Last year, I wrote a piece called “Detangling the Holocaust from Israeli-Palestinian Politics.” In it, I wrote about my initial reaction to the quick approaching Holocaust Memorial Day: a grim self-bracing for the deluge of badness that was sure to flow from the mouths of Israel’s political leaders as they wielded the memory of the Holocaust to justify horrible and oppressive policies. I wrote:
”I have become deeply frustrated by the political manipulation of the Holocaust to distract from Israel’s crimes against Palestinians. These crimes should not and need not be compared to Nazi crimes, but they are unjust and immoral in their own right.”
From there, though, I went out to challenge my initial reaction, accepting as accurate the analysis of Israel’s leaders’ exploitation, but questioning the fact that that was my first thought:
”…I, like many individuals on the Jewish left, have made a concerted effort to understand Palestinian suffering and to try to grasp how the suffering inflicted by the Occupation could lead a large portion of a people to embrace an ideology that supports using violence against innocent people through bombing cafes and buses. I am proud to say that after much searching and struggling, I am able to sincerely empathise with Palestinian suffering, even as I do not endorse methods of violence and collective punishment. The more I have understood the suffering caused by the Occupation, the more I am infuriated by statements that begin with “the Occupation is terrible, but…” Statements like “the Occupation is terrible, but Palestinians have supported gruesome methods of terrorism” are in some cases correct but they are also wrong, in my opinion, because they lack true empathy for human suffering. So the fact that my first thought [as Holocaust Memorial Day was mentioned] was something like “the Holocaust was horrific, but it is exploited for political purposes” is not acceptable at all. This kind of thinking has reduced my ability to empathise with the tragic suffering of my own people and my ability to understand why many of them may have embraced militaristic views. Israeli Jewish fear is real. It may be unwarranted in some cases, and exaggerated in others, but it is important to understand how an extended period in recent history in which one-third of the world’s Jews were systematically exterminated could lead people to be fearful…”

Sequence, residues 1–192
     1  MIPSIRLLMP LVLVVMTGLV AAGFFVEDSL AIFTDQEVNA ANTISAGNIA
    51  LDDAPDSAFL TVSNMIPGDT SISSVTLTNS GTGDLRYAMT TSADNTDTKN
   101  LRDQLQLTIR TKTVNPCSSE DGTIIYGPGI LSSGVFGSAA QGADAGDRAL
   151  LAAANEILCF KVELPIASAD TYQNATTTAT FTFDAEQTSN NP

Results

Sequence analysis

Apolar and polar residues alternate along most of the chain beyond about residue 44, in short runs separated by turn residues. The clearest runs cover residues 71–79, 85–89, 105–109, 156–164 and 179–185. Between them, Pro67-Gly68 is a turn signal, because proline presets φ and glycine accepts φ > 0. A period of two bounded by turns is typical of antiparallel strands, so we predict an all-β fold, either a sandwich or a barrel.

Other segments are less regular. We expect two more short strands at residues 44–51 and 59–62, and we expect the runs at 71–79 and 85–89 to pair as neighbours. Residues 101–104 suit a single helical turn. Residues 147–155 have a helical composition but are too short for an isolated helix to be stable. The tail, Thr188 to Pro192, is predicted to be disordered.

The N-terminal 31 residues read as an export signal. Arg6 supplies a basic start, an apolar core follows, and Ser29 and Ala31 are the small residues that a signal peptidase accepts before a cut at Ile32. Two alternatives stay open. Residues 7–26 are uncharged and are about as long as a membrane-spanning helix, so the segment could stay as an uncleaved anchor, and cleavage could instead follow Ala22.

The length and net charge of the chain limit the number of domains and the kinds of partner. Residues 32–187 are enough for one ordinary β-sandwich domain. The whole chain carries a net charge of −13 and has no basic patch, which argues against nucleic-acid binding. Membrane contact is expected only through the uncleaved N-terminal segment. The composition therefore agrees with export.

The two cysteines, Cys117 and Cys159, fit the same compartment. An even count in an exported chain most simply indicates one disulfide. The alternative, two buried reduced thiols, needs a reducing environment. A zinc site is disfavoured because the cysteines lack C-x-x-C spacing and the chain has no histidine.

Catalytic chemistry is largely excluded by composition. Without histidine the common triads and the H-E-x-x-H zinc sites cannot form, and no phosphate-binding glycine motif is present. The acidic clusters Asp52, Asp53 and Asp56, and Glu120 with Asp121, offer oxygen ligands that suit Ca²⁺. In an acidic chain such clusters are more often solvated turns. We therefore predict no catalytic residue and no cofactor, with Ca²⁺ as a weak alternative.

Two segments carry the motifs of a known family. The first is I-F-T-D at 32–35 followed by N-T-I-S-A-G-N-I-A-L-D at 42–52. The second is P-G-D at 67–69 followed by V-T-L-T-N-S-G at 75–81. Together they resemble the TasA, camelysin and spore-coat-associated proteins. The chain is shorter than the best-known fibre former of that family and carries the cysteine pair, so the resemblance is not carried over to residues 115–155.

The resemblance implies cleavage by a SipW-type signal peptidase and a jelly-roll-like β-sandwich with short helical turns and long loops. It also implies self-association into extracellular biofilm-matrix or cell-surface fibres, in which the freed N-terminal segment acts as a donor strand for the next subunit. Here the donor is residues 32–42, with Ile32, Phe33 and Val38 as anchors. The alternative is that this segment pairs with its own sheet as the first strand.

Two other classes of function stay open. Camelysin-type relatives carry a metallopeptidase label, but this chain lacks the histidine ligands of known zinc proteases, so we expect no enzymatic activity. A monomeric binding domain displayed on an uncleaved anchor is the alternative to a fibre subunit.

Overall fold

A year later, as I stood still for the siren on Holocaust Memorial Day this morning, I stood less sure. This afternoon, after reflecting and rereading my piece from last year, I stand with questions to which I do not have easy answers:
Does agreeing to commemorate the Holocaust on the day that the government designates inherently give legitimacy to the government’s narrative? Would refusing to commemorate the Holocaust on the day in which the most of Jewish collective commemorates Holocaust be an act of self-uprooting? What does commemorating mean? Is there a way to remember the Holocaust as a particular Jewish tragedy without either (a) losing sight of its crucial universality (Never Again must Humanity allow such slaughter to be done to any portion of Humanity) or (b) slipping into cheap and grossly inappropriate pseduo-comparisons between the Holocaust and Israel’s horrible treatment of Palestinians? Knowing that comparisons are grossly inappropriate, how should [or shouldn’t] Israel’s horrible treatment of the Palestinians factor into Holocaust Memorial Day? How can suffering be de-monopolized? Is there space in our collective and individual hearts to encompass all pain? Most pain? Do we have to choose which pain we allow in and which we ignore? Should the Left think about organizing Alternative Commemorations as we do for Remembrance Day (Yom HaZikaron) and Independence Day (Yom HaAtzmaut) (both next week)? Or is today a day in which we can be part of the consensus? What is the value of being part of the consensus? What is the value of challenging it? How can values of justice and love influence all of these questions?